HURON -- When an EF-1 tornado rolled through downtown Burke in August, it could have made for a disastrous fall sports season.
Instead, the Cougar football team cruised to an impressive win in the first round of the Class 9A playoffs on Thursday and the volleyball team sits atop the Region 6B standings. But sometimes forgotten, the Burke cross country team ensured it could no longer be ignored at the Class B state cross country championships on Saturday at Broadland Creek Golf Course.
The Cougar boys captured its first state championship in program history -- and the first cross country state title of any kind since 1977 -- while the girls finished third to give Burke the overall Class B championship.
“It seems to me like we always have good runners,” Burke senior Jackson Liewer said. “But it’s fun when we can show up to the other teams and say, ‘Hey look, we’re here, too.’ ”
As a sophomore, Liewer was a member of a Burke boys team that placed third in 2017 and it left him with a feeling of disappointment. On Saturday, Liewer was the first Cougar to cross the finish line, taking seventh in 17 minutes, 43.99 seconds.
Jackson Bauld was 24th in 18:21.09 and Washake Vaughn was 35th in 18:49.55 as Burke finished with 37 points, eight ahead of Timber Lake. The score was also 10 fewer than third-place Platte-Geddes, which edged the Cougars in the Region 3B meet a week prior.
“I have the greatest respect for that Platte-Geddes team,” Burke head coach Laurie Kenzy said. “The people we run against make us better -- running against Caden (Tegethoff) from Platte-Geddes. This is what builds your team.”
While the boys team did their part, the girls team entered the meet projected fifth, but bumped up two spots to third on a tiebreaker. Burke and Hanson each had 49 points, but Brecken Bolander’s 63rd-place finish as the fourth runner was the deciding factor.
The Cougars also received a huge boost when Hallie Person was lodged in a pack led by Andes Central/Dakota Christian’s Isabella Brouwer with 200 yards left.
Person made a move and pulled into a tie with Brouwer. At the last second, Person gave one last kick and was able to edge Brouwer at the finish line by 0.05 seconds for third place in 20:11.55. The late surge secured the one-point spot as champion Madison Fairley (Gayville-Volin) and runner-up Jolie Dugan (Jones County) did not have teams in the mix.
“At first I thought she was going to beat me,” Person said. “Then I was about 15 feet from the finish and I decided I could beat her, so I kicked it in.”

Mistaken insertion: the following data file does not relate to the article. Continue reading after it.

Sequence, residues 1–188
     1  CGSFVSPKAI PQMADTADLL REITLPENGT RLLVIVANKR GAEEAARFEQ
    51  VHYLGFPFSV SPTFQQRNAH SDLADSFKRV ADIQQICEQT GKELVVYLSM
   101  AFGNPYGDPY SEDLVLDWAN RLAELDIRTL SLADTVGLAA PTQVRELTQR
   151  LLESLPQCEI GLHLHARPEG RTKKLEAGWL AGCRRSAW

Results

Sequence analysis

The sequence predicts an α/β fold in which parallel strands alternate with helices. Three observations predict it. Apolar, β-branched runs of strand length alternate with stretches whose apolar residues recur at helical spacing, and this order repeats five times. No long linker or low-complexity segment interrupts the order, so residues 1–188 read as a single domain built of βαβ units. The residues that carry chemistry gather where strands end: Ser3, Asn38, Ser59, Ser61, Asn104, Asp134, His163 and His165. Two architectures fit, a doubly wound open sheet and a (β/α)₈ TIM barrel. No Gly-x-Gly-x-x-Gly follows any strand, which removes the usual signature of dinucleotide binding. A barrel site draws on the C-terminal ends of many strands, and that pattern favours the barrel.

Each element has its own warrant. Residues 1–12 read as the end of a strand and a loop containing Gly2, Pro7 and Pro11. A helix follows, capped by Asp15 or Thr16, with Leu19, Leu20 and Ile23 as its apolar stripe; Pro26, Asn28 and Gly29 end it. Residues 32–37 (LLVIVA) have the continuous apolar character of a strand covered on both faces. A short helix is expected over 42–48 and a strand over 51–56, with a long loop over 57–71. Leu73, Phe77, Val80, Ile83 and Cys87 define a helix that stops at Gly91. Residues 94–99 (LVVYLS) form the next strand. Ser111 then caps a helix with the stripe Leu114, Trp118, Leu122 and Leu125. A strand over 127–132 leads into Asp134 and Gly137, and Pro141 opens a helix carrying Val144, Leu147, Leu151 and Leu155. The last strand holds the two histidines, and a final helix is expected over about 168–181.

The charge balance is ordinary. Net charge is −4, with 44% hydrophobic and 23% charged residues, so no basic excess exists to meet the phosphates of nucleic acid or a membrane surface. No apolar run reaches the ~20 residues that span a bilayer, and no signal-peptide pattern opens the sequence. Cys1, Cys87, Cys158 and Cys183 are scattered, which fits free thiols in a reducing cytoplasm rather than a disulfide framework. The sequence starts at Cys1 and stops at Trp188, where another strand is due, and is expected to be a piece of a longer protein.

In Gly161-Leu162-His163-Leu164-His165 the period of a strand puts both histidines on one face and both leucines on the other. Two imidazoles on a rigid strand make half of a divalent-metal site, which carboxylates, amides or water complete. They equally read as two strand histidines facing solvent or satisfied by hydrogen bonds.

Brouwer puts personal results aside
When Brouwer crossed the finish line, it was not immediately known if she had beaten Person.
The ACDC freshman could have consumed her time with searching for the answer, or finding a place to rest her knees wrapped in Kinesiology tape, sore from the pounding of a grueling season.
Instead, Brouwer stood roughly 10 feet from the finish line and congratulated all 115 runners that came through behind her. Cross country may be an individually-based sport, but Brouwer wanted to make sure each competitor felt appreciated for completing the race.
“Every single girl that’s here has worked hard for it,” Brouwer said. “We all had to run super hard, so they all deserve to be told, ‘Good job.’ No matter how you did, you deserve to have someone say you did amazing and you finished the race.”
Santiago runs through injury
Since the summer, Dominic Santiago had a goal of finishing in the top-10 of the Class A boys meet.
The Chamberlain sophomore placed 21st the year before and he trained throughout the summer and season to move up. Santiago entered Saturday’s race with the top Class A regional time in the state, and through the first mile, he was on pace to meet his goal.
But as he entered the second half of the race, an Achilles injury suffered in practice leading into the meet flared. Santiago was forced to slow his pace -- determined to finish the race -- and finished 68th in 18:49.39, bringing a promising start to a disappointing end.
“It hurt a lot to know that I’ve been working all this season and all summer, and to have it end this way is a bummer,” Santiago said. “I’ve never been one to give up on something. I just push through and work on recovery afterwards.”